Pain is largely considered to be a physical condition. Anxiety, on the other hand, is largely considered to be a mental health condition. However, the two conditions can often overlap. Let’s look at the connection between anxiety and pain as well as how therapists can address them at the same time.
Are Anxiety and Pain Related?
June 3, 2018
Anxiety and Muscle Tension
Think back to the last time that you felt anxious. Then, think about your body language. There’s a good chance that you were physically tense rather than open and relaxed. Anxiety commonly leads to muscle tension, which can then become a source of pain.
When muscles are tense for extended periods of time, they are more likely to become sore. Individuals who struggle with shoulder pain, neck pain and migraines, for example, might also be dealing with added tension caused by anxiety. While relaxing is a great way to eliminate that muscle tension, anxiety makes it hard to do.
Anxiety and Hypersensitivity
Anxiety and pain share close ties thanks to hypersensitivity. When people struggle with anxiety, they are also more likely to be hypersensitive to physical sensations. When they have an upset stomach, they are more in tune with those uncomfortable feelings. This means that some people with anxiety don’t actually have more physical pain, but they do experience and feel that pain in a more pronounced way.
One of the most common forms of pain among those with anxiety is joint pain. It may be true that those with anxiety can feel the inflammation in their joints more than the average person, leading to greater pain.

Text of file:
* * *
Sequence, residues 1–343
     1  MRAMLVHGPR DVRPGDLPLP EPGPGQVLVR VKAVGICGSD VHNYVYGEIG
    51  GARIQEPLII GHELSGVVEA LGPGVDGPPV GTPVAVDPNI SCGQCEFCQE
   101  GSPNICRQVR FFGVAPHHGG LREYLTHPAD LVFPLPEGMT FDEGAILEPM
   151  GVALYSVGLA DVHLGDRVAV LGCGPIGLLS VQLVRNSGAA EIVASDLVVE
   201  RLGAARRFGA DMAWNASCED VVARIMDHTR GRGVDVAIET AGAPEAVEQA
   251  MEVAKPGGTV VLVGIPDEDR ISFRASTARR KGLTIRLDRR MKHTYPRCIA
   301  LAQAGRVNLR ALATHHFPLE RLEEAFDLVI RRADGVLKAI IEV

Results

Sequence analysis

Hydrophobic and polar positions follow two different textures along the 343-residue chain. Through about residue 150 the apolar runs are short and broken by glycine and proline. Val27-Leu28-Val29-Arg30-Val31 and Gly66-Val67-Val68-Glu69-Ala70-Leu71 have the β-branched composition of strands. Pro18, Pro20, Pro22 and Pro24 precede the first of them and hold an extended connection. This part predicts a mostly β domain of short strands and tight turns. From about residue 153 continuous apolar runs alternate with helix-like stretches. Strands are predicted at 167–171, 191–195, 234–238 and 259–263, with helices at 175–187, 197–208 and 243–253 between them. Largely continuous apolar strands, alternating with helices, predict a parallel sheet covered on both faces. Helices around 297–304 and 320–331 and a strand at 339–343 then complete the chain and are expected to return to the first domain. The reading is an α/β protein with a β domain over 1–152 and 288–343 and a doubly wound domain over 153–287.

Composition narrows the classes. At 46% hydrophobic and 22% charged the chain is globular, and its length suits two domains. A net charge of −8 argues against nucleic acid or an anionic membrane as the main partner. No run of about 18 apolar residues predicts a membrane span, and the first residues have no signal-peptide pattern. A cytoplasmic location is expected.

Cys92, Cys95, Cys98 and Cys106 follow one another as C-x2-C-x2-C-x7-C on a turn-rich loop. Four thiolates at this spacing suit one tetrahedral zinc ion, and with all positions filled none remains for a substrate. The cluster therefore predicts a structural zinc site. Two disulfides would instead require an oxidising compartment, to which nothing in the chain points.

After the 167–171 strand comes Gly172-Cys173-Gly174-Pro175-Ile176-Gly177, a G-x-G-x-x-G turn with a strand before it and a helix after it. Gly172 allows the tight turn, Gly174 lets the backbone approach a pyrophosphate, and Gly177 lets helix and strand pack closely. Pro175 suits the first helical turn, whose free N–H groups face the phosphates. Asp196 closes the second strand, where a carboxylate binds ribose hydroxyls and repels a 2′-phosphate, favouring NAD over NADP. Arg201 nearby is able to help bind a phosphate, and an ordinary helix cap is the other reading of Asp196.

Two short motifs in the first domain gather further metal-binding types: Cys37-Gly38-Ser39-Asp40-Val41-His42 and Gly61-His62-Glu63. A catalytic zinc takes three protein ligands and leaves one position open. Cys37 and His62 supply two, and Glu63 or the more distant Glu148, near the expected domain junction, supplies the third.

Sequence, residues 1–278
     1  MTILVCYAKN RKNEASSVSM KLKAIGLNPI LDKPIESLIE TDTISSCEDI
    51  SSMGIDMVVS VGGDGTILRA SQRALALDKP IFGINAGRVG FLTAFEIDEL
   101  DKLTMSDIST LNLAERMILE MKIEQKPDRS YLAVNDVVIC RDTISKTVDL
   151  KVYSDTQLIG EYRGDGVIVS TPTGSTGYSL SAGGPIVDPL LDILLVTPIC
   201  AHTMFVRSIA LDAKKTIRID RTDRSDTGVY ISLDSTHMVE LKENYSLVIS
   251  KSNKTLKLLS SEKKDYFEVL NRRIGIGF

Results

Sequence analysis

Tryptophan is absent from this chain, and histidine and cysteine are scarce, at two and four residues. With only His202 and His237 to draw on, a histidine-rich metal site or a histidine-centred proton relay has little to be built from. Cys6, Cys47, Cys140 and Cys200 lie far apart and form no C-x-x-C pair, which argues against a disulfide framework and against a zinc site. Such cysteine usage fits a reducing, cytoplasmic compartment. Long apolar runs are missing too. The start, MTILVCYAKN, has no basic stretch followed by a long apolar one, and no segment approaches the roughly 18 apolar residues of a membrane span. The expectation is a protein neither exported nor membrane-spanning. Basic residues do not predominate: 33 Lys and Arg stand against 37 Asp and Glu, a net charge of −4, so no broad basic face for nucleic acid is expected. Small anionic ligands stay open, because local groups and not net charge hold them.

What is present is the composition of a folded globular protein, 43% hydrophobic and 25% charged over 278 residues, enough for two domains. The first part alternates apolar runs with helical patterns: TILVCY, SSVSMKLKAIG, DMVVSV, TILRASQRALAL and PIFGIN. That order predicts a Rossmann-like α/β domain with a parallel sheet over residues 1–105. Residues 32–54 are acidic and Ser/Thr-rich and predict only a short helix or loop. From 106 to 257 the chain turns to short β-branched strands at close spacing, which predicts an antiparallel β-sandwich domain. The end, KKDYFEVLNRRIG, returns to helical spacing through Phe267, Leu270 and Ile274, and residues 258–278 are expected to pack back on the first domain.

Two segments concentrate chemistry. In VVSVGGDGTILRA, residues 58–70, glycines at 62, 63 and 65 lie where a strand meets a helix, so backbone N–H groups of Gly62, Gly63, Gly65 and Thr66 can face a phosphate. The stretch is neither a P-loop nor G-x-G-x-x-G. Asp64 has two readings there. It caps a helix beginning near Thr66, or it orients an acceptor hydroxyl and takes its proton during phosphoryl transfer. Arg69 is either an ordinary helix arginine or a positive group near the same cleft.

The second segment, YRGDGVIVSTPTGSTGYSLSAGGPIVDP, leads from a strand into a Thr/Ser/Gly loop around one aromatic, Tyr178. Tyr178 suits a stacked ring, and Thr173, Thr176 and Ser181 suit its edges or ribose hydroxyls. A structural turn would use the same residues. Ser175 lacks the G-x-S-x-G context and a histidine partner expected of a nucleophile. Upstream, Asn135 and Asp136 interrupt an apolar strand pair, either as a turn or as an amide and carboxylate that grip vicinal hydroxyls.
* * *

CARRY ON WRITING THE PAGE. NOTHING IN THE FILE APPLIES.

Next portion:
Behavioral Changes Created by Anxiety
Sometimes, pain can result from changes in behavior that are directly caused by anxiety. People who slouch or hunch their shoulders, for example, are more likely to have back and shoulder pain. Others may sleep in strange positions to cope with anxiety, but those positions may lead to physical pain.
Pain and Injury Can Also Lead to Anxiety
Typically, people think of anxiety as the precursor to pain. However, the opposite relationship is also true. Sometimes, the pain from an injury or an accident can cause a person to become anxious.
An athlete, for example, might be anxious about recovering from an injury. They can develop anxiety because of pain, and that anxiety may, in turn, cause the pain to feel worse. This creates a terrible cycle that might be hard to break out of.
Treating Anxiety and Pain at Driftwood Recovery
At Driftwood Recovery, Clients can overcome pain by tackling the source. In many cases, anxiety is one of the causes of chronic or acute pain. Treatment is holistic, approaching the Client as a unique individual. Some treatment methods to combat anxiety and pain include:
- Yoga therapy
- Cognitive behavioral therapy
- Physical therapy
- Dialectical behavioral therapy
- Dual diagnosis support
Anxiety treatment may be one way for Clients to reduce or eliminate pain. At Driftwood Recovery in Texas, you can find the right kind of support and improve your quality of life. Call 866-426-4694 to learn more.